[0:58:22]

RICK WEISS: Fantastic. I want to thank all three of you for a very enlightening discussion today that I think is both intellectually interesting and helpful and also practically, on a professional journalistic scale, very helpful. So thanks for that. For the journalists on the line, I want to remind you as you log off today, you will get a prompt for a very short three-question survey. It takes a half-minute. It’s very helpful for us if you go ahead and take the minute to fill that out. So thank you for doing that. A reminder that you can come to SciLine when you need help getting connected to a scientist or to research-backed scientific evidence. Look at our website at sciline.org. Follow us on Twitter – @RealSciLine. And thank you all for attending, and we’ll see you at the next SciLine media briefing. So long, and thanks to you all.


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Dr. Georgiana Bostean

Chapman University

Dr. Georgiana Bostean is an associate professor of environment, health, & policy at Chapman University. She earned a Ph.D. in sociology from the University of California, Irvine, and completed postdoctoral training in cancer prevention and control research at the University of California Los Angeles. Broadly, her research is in the area of population health, with a focus on Latino and immigrant populations. Her work has been supported by grants, including from the National Science Foundation, and published in scientific journals including American Journal of Public Health and Social Science & Medicine. Dr. Bostean’s recent research examines smoking and e-cigarette use, with a particular focus on the tobacco retail environment. (Read full bio)

Dr. Gilbert Gee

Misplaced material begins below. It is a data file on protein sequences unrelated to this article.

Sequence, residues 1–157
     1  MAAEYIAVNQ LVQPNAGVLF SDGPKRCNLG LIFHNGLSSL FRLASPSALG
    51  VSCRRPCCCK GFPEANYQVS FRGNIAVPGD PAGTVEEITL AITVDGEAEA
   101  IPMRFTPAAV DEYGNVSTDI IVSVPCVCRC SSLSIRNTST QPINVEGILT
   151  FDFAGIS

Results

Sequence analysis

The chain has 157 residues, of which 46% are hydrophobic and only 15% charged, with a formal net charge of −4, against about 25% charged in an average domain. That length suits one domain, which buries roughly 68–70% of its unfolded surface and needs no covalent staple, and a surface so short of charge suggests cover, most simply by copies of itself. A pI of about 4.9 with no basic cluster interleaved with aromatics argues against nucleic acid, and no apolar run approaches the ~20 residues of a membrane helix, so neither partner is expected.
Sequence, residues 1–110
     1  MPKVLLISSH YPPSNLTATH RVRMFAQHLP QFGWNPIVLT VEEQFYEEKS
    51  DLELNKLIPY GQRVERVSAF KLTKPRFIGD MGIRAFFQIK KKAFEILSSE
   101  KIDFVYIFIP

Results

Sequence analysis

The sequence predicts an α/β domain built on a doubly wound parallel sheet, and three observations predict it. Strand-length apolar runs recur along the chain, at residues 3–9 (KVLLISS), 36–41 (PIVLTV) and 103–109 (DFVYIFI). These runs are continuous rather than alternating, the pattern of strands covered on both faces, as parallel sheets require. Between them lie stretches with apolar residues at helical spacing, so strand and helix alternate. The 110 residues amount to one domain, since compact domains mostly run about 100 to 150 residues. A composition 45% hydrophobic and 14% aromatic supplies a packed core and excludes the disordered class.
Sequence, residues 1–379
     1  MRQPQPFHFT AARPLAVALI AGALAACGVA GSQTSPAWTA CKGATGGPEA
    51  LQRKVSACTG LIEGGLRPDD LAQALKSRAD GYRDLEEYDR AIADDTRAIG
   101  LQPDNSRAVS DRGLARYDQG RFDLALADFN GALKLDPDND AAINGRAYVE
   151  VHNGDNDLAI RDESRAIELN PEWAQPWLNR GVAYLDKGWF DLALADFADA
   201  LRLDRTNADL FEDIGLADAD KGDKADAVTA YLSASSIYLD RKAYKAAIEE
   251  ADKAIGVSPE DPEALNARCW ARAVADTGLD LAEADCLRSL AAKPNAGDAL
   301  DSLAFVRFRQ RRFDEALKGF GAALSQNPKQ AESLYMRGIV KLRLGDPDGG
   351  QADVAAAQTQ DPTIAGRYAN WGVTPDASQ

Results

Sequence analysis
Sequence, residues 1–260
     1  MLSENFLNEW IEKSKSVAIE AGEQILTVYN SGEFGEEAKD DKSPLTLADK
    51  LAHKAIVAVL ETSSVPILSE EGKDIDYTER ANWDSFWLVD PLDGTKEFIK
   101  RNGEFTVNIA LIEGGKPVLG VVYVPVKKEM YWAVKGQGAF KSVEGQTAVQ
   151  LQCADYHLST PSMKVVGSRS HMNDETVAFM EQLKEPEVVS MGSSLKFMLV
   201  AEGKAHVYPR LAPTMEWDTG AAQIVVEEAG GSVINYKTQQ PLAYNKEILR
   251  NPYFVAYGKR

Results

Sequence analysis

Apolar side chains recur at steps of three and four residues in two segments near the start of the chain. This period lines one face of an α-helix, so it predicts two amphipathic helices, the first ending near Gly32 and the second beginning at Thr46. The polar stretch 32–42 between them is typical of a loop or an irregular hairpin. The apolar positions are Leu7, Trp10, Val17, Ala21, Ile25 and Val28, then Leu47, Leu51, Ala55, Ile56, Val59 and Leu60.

University of California, Los Angeles (UCLA)

Dr. Gilbert C. Gee is a professor in the Department of Community Health Sciences at the Fielding School of Public Health at the University of California Los Angeles. He received his bachelor’s degree in neuroscience from Oberlin College, his doctorate in health policy and management from Johns Hopkins University, and post-doctoral training in sociology from Indiana University. His research focuses on the social determinants of health inequities of racial, ethnic, and immigrant minority populations using a multi-level and life course perspective. A primary line of his research focuses on conceptualizing and measuring racial discrimination, and in understanding how discrimination may be related to illness. He has also published more broadly on the topics of stress, neighborhoods, immigration, environmental exposures, occupational health, and on Asian American populations. Dr. Gee was the past editor-in-chief of the Journal of Health and Social Behavior. (Read full bio)

Dr. Goleen Samari

Columbia University

Dr. Goleen Samari is an assistant professor and public health demographer at Columbia University’s Mailman School of Public Health. Her research considers how racism, gender inequities, xenophobia and migration-based inequities shape population health domestically and globally, with a particular focus on communities in or from the Middle East and North Africa. She was the first to draw attention to the racialization of religious minorities and Islamophobia as a public health issue. Her research remains focused on understanding and alleviating intersectional structural determinants of health for Muslim, Middle Eastern, and immigrant communities. Dr. Samari earned a Ph.D. in public health, an M.P.H. in community health sciences, and an M.A. in Islamic studies from the University of California Los Angeles. (Read full bio)